By Dan Santos, Red Cross Public Affairs Volunteer
Ray Tschaeche is not concerned about finishing first in the American Red Cross’ Ride for the Red event on Saturday, November 13.
“It’s not a race,” said Tschaeche (sounds like Check-E). “Anyone who signs up for the ride should know that. You don’t win a prize for coming in first. You get a thank you for participating, a small gift bag, and the satisfaction you get from helping a good cause.”
Tschaeche, now retired, worked for 40 years as a full-time employee with the California Air National Guard in Los Angeles County. During that time, he also fulfilled his duty one weekend a month as an active member of the National Guard. He’s also a veteran of the fundraising bicycle ride, where all proceeds go to support the Red Cross’ Service to the Armed Forces (SAF) program. He first rode in the event in 2016, missing just once since then due to other obligations. The ride returns this year after being postponed in 2020 during the pandemic.
“I’ve known a few people over the years who were helped by the Red Cross (SAF) while they were deployed, and I wanted to support that,” Tschaeche said.
After initially participating in the 50-mile route on his Fuji touring bike, Tschaeche said he’s down-shifting to the 30-mile ride this year. “I haven’t been able to put that many hours on my bike this year.”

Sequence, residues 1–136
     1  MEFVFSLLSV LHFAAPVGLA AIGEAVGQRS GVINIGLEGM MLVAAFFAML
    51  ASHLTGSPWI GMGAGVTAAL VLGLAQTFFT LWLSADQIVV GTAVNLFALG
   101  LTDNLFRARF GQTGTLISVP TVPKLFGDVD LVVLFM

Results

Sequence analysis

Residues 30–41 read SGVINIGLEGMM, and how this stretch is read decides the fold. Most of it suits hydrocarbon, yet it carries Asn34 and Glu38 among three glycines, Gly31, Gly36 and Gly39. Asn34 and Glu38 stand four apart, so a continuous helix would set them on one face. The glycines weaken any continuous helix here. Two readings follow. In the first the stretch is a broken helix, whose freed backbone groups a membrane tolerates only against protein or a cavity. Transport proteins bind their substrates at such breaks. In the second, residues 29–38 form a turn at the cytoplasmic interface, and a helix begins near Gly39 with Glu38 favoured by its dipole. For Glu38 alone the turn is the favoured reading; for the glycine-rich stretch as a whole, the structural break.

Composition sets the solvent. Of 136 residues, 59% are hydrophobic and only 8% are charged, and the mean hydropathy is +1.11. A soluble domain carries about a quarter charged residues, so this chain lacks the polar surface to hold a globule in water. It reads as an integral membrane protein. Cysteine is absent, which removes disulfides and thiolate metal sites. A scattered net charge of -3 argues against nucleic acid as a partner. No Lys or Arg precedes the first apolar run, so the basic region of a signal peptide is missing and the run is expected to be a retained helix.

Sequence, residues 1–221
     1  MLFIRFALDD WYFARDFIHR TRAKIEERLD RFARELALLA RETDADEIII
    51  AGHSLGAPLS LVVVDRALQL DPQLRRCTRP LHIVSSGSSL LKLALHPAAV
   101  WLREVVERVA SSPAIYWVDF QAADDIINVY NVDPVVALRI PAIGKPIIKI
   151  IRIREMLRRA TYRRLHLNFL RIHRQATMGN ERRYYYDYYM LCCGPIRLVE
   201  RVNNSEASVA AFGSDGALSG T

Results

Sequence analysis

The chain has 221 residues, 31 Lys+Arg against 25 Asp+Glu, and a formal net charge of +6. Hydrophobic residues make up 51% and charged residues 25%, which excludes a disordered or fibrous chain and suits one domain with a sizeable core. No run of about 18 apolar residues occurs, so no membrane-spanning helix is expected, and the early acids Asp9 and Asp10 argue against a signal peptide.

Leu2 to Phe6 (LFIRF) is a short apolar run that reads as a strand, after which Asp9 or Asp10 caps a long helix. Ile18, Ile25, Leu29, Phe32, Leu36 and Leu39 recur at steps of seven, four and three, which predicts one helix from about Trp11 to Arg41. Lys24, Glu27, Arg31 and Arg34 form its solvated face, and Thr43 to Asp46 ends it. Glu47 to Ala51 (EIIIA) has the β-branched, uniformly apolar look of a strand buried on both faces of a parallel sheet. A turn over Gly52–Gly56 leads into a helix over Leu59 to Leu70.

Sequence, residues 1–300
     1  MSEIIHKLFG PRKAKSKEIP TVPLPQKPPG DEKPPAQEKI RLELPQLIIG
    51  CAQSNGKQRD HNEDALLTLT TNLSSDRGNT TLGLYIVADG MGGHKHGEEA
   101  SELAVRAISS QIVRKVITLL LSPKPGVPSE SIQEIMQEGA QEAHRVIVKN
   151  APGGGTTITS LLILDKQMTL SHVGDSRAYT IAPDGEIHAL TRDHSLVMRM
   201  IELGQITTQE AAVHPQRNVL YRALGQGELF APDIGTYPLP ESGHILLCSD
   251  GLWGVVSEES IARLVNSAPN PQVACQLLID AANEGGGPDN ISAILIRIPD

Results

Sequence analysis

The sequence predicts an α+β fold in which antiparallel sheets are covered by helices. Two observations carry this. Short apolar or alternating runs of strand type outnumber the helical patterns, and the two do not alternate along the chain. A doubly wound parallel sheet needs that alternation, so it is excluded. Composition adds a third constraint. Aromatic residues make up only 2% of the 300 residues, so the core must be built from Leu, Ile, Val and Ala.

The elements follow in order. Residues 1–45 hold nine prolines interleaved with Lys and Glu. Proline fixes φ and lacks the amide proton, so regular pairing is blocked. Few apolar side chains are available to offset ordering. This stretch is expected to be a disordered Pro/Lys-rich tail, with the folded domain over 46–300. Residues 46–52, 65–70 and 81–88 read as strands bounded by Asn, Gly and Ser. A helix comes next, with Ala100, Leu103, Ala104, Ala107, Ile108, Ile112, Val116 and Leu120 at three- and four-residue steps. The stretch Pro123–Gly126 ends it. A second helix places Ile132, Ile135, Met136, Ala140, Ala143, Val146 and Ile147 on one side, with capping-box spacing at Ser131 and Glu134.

At this year’s ride, Tschaeche said he’s looking forward to “enjoying a nice, scenic ride, where you can talk to other riders along the way. People are open and very friendly during the rides. I see some of the same people riding every year.”
Tschaeche, 64, has lived in Simi Valley since 1987. Ray and his wife, Roxanne, have two grown sons. One son, 33, serves in the U.S. Coast Guard in San Diego. The other son, 31, also a Simi Valley resident, has a two-year-old daughter. The Tschaeches are expecting another grandchild in December 2021.
Ride for the Red organizer Diane Krehbiel said the event was first conceptualized in 2014 as a Tour de France-style event for veterans across the United States, “with people on the sidelines, cheering and saluting as the riders pass by.”
“This is a fun ride for a great cause, and not a race,” she said. “We do this for people like Ray Tschaeche.”Diane Krehbiel